Kansas, Mexico and Points Beyond

I could write about how Mitt Romney just revealed that the elderly, the military, the poor and disabled consider themselves victims and don’t want to take care of their own lives but I had a few other random thoughts I wanted to cover. This will be brief.

Kansas

An idiot in Kansas files a petition to have Barack Obama kept off the ballot in November on the grounds he was not born in the United States. Birther nutjob and Kansas Secretary of State, Kris Kobach considers the petition along with the rest of the all-Republican Objections Committee. Of course the fact that Kobach is a self-described “adviser” to Mitt Romney didn’t seem to make him think he should recuse himself from this judgment on Obama. Apparently enough people contacted the original petitioner and called him a moron that he withdrew his petition. Kobach, not wanting to appear the Birther-wuss said more investigation was warranted. Then Monday he finally agreed to have Obama placed on the November ballot. Of course, one of the folks demanding that this birth issue be thoroughly examined was “California lawyer and dentist” Orly Taitz, a lunatic I thought had finally faded from the scene.

There was a time in this country when no decent person would have made such outrageous claims about a sitting President for fear of being roundly rebuked. But then as Bill Clinton reminded Ted Kennedy back in 2008, there was a time in this country when Barack Obama would be doing nothing more than getting Kris Kobach a cup of coffee.

Mexico

I guess I’m ashamed to admit it but the one area in which I identified a bit with conservatives was their attitude toward “illegal aliens”. As someone who has been income-challenged for the past few years, I bought hook, line and sinker the notion that Mexicans were stealing jobs from deserving Americans. Even when I recognized that for the most part they were doing jobs most Americans didn’t want to do, I still resented it.

Watching the Democratic National Convention a few weeks ago gave me a bit of an epiphany. I already agreed that Obama was right to extent flexibility to children of undocumented workers who came here by no choice of their own. But the DNC gave me a new perspective on the parents. For the most part, these “illegals” represent the promise of the American Dream. They are no different from the scores of immigrants who have come to our shores over the past 200+ years. They come here to escape a life of certain poverty. They come here because they believe they will find opportunities not available south of the border. What makes them different is that instead of an ocean, there is only an invisible line in the soil separating them from their dream.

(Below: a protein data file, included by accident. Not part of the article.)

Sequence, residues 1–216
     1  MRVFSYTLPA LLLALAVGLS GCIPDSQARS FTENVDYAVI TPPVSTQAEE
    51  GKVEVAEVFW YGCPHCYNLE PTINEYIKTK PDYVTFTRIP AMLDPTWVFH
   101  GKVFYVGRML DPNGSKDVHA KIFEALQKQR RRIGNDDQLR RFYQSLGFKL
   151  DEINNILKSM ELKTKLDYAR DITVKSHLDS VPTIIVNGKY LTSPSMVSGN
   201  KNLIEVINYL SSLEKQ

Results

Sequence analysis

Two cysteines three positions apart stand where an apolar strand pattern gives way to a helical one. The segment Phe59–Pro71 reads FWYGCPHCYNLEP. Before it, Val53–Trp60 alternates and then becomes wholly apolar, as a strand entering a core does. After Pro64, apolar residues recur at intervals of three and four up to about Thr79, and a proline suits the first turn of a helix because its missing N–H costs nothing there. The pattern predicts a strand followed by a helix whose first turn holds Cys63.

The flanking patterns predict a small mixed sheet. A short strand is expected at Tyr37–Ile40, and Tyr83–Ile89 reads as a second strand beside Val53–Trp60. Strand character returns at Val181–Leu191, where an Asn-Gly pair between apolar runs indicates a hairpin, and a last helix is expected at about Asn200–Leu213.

I don’t believe we should have open borders. I know it is not feasible to simply let every Tom, Dick and Harry enter the United States at will.  But the DNC made it clear to me that we need a compassionate immigration policy. Undocumented workers don’t come here to hurt us. They come here to help themselves.

Points Beyond

The Muslim Meltdown

Once again an insult to the Muslim prophet Mohammad is propagated and once again a small contingent of angry Muslims go wild. This time the rage is accelerated by newly elected unstable central governments (Cairo) and opportunistic terrorists (Benghazi, Libya). It was humorously suggested on Comedy Central this week that perhaps Islam’s big problem is immaturity. While at first blush this might seem absurd, Islam is a good 600 years younger than Christianity. Christianity’s record for civil behavior was not peachy keen even within the past 300 years (e.g. Salem Witch Trials). Perhaps a Muslim reformation sometime in the future is not outside the realm of possibility? I believe the only way to get rid of radical Islam is from within.

Israel v Iran

That Israel possesses nuclear weapons is the worst kept secret in foreign affairs. So, as a foreign policy neophyte, I ask my more knowledgeable readers why can’t the Iran/Israel standoff be resolved this way: